The Boxer is a breed of dog developed in Germany. It was bred from the old English Bulldog and the now extinct Bullenbeisser, the Boxer is part of the molosser group of dogs.
There are different theories about how the breed got its Boxer name. One is that it is because of the breeds tendency to play while standing on its hind legs and ‘boxing’ with its front paws, another is that the word Boxer translates as ‘prize fighter’ in German dictionary, so the name was bestowed in appreciation of the fighting qualities of the dog.
Boxer is also the name of a dog owned by John Pierybiggle the main character in the 1845 book The cricket on the hearth by Charles Dickens. This is evidence that Boxer was commonly used as a dog name in the 19th century, it could just be that the name of the breed is taken from the actual name of the first specimen of this breed.
The Boxer is part of the molosser dog group developed in Germany towards the end of the 19th century by crossing Bull dogs from Great Britain with the Bullenbeisser, a dog of Mastiff descent. It is generally accepted that the Breberther Bullenbeisser was a direct ancestor of today s Boxer.
In 1894, three Germans, Friedrich Robert, Elard Konig and R Hopner decided to stabilise the breed, and put it on exhibition at a dog show. A year later they founded the first Boxer club, the Deutscher Boxer club, the club posted its first standard in 1904, a detailed document which hasn’t changed much to this day.
The Bulldog was introduced to other parts of Europe, and the United States around the turn of the 20th century. The American Kennel club registered its first Boxer in 1904, and recognised their first Boxer champion, Dampf Von Dom in 1915.
It wasn’t until after World War II that the Boxer became really popular around the world. Taken home with them by returning soldiers, the dog was introduced to a wider audience and soon became a favourite companion, guard dog and show dog. The Boxer is currently the eighth most popular dog in America.
Boxer dogs are energetic, bright, playful and usually good with children, they are loyal, patient and protective, making them an ideal choice for a family pet. They are an active dog which will soon get bored and start chewing and digging, if not given adequate attention. The Boxer by nature is not an aggressive or vicious breed, but it is an instinctive guardian and will protect its owners.
Like all dogs they require socilisation, from an early age if possible, they are generally patient with smaller dogs and puppies, but can have difficulties with larger adult dogs, especially those of the same sex.
A solidly built, muscular dog, the Boxers most distinctive feature is its head. It should be in perfect proportion to the body, the muzzle must be of correct form and in absolute proportion to the skull. The Boxer should be slightly prognathous, this means its lower jaw should protrude beyond the upper jaw and bend slightly upwards in what is commonly called an under bite.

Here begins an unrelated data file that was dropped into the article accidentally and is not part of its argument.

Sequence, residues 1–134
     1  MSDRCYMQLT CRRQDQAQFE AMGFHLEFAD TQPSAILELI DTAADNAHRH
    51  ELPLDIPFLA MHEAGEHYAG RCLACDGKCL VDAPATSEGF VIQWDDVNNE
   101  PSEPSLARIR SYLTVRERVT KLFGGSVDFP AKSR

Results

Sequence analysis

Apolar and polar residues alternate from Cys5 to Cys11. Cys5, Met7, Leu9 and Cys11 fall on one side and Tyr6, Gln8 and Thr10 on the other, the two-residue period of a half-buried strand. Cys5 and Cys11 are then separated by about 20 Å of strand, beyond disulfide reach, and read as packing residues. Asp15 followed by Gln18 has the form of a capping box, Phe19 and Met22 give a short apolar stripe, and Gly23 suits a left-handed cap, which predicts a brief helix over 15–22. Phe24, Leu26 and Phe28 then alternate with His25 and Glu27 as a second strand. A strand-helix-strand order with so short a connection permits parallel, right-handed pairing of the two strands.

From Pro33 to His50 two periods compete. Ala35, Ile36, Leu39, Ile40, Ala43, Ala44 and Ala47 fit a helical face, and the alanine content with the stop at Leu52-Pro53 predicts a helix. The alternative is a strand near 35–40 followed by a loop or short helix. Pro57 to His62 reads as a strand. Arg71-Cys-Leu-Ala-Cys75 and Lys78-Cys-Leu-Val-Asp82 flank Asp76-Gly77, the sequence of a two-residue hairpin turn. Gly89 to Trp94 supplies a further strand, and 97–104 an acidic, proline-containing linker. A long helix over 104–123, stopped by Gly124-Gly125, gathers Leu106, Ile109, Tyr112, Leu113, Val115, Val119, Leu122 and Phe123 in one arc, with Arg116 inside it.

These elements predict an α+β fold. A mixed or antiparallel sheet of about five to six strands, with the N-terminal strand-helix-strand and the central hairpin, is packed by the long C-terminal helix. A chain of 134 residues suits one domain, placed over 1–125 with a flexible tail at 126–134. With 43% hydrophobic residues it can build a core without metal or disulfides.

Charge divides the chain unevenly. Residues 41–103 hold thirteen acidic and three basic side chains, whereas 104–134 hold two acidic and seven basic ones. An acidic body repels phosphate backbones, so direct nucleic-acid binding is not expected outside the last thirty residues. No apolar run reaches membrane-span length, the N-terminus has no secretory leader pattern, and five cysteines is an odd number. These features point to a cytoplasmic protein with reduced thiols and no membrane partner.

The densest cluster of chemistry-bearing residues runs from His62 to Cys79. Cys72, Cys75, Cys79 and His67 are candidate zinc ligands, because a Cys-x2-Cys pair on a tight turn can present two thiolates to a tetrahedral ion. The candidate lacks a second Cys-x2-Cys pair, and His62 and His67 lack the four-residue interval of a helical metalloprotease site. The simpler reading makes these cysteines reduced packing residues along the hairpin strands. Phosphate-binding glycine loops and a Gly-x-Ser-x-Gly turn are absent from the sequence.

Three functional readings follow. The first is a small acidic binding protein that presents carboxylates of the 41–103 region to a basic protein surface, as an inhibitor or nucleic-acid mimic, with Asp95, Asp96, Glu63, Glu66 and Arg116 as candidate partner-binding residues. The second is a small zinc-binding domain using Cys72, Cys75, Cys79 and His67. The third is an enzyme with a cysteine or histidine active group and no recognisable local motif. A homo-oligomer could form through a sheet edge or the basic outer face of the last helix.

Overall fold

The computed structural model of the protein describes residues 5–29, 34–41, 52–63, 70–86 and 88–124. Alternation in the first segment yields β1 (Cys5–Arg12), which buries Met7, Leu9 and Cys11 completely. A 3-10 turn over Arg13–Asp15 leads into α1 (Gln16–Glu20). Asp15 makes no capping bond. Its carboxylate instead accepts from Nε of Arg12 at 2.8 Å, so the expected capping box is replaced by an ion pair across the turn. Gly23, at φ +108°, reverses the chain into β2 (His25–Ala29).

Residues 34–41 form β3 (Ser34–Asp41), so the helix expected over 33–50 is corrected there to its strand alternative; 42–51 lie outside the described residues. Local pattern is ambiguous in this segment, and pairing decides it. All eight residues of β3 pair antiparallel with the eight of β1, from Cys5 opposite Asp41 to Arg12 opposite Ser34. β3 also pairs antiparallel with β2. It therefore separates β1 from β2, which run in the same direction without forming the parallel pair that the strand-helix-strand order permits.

The male Boxer should stand 22 to 25in (56 to 64cm) and weigh 65 to 75lb (29 to 34kg).
The female boxer should stand 21 to 24in (55 to 61cm) and weigh 55 to 70lb (25 to 32kg)
Boxers were originally a crocked and docked breed, while this is still done in a few countries, most places around the world now prohibit this.
It is a short haired breed with a smooth, tight coat, the only recognised colours are fawn and brindle, usually with white on the underbelly and feet. The Boxer does not carry the gene for a solid black coat colour, therefore purebred black Boxers do not exist. Boxers with white markings covering more than a third of their coat are conventionally called white boxers, they are neither albino nor rare. Approximately twenty-five per cent of all boxers born are white, genetically these dogs are either fawn or brindle with excessive white markings overlying the base coat colour. Because, they are not recognised by the standard, in the past breeders often euthanized white puppies at birth, today breeders are thankfully increasingly reluctant to euthanize white puppies and choose to neuter and place them in pet homes instead.
The average lifespan of a healthy Boxer dog is 9 to 15 years.
Leading health issues which Boxers are prone to include Cancers, heart conditions (such as oestic sterosis), hypothyroidism (caused by the thyroid gland not producing enough thyroid hormone), hip dyslasia and degenerative myclopathy (a disease of the spinal cord).
Being an athletic breed, proper exercise and conditioning are important for continued good health, care must be taken not to over exercise young dogs as it may damage growing bones. Because of its short skull and head shape, the boxer does not cope well with high temperatures and humidity, care should be taken exercising the Boxer dog in these conditions.